High summer temperatures can present problems for working horses. Temperatures above 80 degrees increase the risk for heat stress or heat stroke if relative humidity gets above 50%, with no breeze. Under these conditions, a horse has difficulty cooling himself, since sweat does not evaporate. One advantage in a dry climate and low humidity is that horses can usually cool themselves by sweating, unless they become dehydrated by having to sweat too much, too long.

Dr. Mike Foss, (Alpine Veterinary Hospital, Hood River, Oregon) says horses are more apt to become dehydrated in hot, humid weather than hot, dry weather. In a dry climate, sweat evaporates almost as soon as it is produced, reducing body temperature. If air is humid, evaporation is hindered. Sweat may cover the body and run off in streams or turn into lather as the horse’s fluid supply decreases. Without evaporation, the body won’t cool, and signals for more sweating. Sweat production increases, but does little good; the horse stays wet but does not become cooler. If he continues to exert or must sweat continually to cool himself on a hot day and cannot drink enough to replace the loss, he quickly dehydrates and overheats. The same amount of exertion in cool weather may not cause serious dehydration or heat stroke, but becomes a danger in the hotter, more humid days of summer.

Working/sorting cattle all day, riding range to check fences, gathering and moving cattle, etc. can take a toll in hot weather, especially if a horse is not in shape. Sometimes what you think will be an easy ride for a soft horse turns out to be longer or harder than you planned — if you discover cows in the wrong pasture and end up gathering, sorting and moving cows all day.

Foss says riders should pay close attention to the horse. If you know you’ll be out there working all day, pace your horse through the day so you don’t use him up too much in the beginning. Make sure he drinks enough to replenish what is lost through sweat.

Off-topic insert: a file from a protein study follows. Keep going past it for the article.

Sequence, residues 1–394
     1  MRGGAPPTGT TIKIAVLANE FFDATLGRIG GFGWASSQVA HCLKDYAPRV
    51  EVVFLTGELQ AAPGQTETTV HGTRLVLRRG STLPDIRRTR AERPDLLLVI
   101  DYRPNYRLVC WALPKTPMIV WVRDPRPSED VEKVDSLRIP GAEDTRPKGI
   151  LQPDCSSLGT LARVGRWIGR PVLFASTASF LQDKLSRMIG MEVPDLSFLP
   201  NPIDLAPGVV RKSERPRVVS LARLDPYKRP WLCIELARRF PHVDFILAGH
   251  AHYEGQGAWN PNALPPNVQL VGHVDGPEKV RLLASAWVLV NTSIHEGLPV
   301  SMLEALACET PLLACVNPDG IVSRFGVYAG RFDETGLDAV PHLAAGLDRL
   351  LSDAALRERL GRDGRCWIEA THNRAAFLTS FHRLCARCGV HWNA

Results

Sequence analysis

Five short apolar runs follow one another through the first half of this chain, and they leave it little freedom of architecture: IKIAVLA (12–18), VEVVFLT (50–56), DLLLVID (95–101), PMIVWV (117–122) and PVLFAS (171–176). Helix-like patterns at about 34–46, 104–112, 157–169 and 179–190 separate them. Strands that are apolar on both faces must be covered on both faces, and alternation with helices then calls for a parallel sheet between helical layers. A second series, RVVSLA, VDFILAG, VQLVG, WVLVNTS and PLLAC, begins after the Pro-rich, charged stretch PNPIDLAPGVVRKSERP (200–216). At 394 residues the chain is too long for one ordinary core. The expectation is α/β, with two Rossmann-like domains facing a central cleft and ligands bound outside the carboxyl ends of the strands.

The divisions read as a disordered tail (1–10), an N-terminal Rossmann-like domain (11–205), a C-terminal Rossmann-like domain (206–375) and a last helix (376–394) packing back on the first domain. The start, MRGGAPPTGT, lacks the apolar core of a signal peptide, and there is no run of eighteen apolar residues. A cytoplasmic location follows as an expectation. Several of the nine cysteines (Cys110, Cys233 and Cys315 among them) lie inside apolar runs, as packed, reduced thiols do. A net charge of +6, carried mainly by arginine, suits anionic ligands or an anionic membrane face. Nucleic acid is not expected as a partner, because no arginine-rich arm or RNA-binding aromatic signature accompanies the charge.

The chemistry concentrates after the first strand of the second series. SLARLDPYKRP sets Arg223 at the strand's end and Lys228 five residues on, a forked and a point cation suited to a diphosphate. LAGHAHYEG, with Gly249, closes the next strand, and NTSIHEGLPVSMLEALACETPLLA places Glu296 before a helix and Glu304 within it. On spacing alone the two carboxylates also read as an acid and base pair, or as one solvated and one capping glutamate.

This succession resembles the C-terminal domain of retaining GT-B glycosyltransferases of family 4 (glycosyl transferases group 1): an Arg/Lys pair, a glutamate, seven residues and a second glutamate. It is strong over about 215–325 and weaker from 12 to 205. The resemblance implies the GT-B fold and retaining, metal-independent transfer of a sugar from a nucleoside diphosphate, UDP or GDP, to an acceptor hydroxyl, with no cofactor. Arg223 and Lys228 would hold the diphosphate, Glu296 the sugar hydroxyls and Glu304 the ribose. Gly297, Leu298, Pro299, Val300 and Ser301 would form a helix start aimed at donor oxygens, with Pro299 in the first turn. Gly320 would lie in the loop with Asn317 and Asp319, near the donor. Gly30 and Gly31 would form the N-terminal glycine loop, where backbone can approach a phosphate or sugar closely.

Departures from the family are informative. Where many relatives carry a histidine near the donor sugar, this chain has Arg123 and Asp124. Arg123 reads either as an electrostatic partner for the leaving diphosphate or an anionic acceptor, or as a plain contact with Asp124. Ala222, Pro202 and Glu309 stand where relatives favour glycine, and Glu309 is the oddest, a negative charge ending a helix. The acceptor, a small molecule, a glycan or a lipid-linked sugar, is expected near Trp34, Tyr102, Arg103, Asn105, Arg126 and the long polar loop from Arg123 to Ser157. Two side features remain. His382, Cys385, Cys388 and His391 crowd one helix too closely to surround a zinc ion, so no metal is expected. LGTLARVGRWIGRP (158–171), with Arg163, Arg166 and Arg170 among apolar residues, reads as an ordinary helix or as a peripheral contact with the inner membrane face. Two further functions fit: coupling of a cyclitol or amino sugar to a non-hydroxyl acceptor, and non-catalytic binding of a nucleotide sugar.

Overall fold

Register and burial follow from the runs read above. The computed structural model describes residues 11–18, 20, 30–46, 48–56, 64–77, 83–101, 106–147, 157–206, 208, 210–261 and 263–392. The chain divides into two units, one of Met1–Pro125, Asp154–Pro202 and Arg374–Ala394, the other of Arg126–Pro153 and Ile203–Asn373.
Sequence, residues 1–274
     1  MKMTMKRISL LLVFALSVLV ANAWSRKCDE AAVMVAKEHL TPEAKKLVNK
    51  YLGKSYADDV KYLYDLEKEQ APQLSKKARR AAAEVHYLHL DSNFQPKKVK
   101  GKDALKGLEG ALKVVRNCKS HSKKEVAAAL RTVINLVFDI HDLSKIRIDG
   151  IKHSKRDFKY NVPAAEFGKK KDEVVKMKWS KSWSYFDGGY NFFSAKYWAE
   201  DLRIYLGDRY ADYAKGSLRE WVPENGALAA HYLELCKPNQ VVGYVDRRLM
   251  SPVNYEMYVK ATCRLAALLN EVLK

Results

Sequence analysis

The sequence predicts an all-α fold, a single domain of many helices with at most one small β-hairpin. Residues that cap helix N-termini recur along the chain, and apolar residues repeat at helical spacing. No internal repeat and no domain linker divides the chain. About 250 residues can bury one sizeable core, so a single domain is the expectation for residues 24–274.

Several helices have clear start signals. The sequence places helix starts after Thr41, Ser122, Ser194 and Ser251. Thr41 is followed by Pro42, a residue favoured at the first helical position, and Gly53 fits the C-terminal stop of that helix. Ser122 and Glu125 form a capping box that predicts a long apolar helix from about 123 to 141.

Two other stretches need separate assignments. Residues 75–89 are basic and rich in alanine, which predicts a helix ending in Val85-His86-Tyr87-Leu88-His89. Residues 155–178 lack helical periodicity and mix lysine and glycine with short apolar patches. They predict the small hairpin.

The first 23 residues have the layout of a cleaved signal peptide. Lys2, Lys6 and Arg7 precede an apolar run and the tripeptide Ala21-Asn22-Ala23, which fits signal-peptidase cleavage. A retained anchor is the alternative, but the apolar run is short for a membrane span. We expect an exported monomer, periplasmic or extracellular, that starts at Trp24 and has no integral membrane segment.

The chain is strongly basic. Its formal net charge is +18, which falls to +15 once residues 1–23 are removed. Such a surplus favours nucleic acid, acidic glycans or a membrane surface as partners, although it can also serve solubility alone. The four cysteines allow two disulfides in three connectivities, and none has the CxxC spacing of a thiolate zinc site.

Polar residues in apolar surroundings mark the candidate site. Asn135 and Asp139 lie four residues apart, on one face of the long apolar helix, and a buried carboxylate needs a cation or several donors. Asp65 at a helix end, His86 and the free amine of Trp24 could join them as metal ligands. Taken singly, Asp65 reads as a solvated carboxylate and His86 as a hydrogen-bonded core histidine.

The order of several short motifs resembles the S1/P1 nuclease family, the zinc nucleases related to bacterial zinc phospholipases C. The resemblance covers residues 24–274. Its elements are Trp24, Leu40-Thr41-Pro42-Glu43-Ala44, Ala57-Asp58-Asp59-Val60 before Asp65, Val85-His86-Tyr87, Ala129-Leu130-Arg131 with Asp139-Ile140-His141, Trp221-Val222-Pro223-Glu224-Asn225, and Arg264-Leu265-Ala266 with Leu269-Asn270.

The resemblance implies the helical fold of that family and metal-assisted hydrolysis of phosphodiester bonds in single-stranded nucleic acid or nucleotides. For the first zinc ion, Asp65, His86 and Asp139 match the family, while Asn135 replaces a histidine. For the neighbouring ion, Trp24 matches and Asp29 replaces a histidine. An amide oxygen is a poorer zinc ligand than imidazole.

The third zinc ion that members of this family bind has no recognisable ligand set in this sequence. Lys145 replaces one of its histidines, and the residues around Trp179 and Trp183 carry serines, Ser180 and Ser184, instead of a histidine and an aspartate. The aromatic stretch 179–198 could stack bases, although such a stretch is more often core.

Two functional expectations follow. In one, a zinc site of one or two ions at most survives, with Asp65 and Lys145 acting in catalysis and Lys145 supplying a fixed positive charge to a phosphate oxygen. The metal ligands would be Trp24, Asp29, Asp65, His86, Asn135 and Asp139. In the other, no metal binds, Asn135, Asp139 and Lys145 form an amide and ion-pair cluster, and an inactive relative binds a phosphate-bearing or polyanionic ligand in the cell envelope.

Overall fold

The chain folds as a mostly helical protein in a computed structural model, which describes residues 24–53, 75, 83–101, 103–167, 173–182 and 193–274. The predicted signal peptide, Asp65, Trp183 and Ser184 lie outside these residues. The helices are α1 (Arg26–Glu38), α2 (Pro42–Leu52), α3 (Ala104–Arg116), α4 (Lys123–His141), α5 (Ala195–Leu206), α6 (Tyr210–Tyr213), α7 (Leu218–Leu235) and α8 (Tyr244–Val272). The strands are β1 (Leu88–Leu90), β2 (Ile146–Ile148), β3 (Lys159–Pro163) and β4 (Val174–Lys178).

“Give him a chance to drink at every opportunity. The old idea that you shouldn’t let a hot horse drink is not valid,” says Foss.

Unless the water is very cold and the hot horse will be just standing around after drinking, let him drink.

“Make sure he has access to salt in his pen or pasture, so he’s never short on salt. He’ll lose a lot of salt though sweating. On a hard ride he may sweat as much as an endurance horse — maybe even more, if he’s not in top shape. Also, most cow horses are more muscular than the typical endurance horse, with more body mass. Those heavy muscles create more body heat than lean muscles during exertion, and the horse’s body has to get rid of more heat,” explains Foss.

Dr. Martha Mallicote, with the University of Florida Large Animal Hospital, says horses are very efficient sweaters and quickly pull fluid from the bloodstream to put onto the skin through the sweat glands, to evaporate and help cool the horse.

“The sweat glands are already primed, all the time, with electrolytes, proteins and lipids, and all they have to do is draw water from the blood,” says Mallicote. “It doesn’t take long for sweat glands to recover and be prepared to produce more sweat.”

Horses that work hard in hot weather, if they are fit and in good condition, don’t lose as much fluid and electrolytes as an unconditioned, fat horse. Fit horses can keep going for miles and keep themselves within a normal range of body temperature.

“While you are riding in the heat, you just have to pay attention. If the horse starts puffing and has trouble catching his breath, let him slow down or stop and rest, and cool off,” says Foss. Otherwise you risk heat exhaustion.

Heather Smith Thomas and her husband raise beef cattle and horses on a ranch in the mountains near Salmon. To contact her or order her books — which include “Horse Tales,” “Cow Tales” and “Ranch Tales” — call 208-756-2841 or email hsmiththomas@centurytel.net.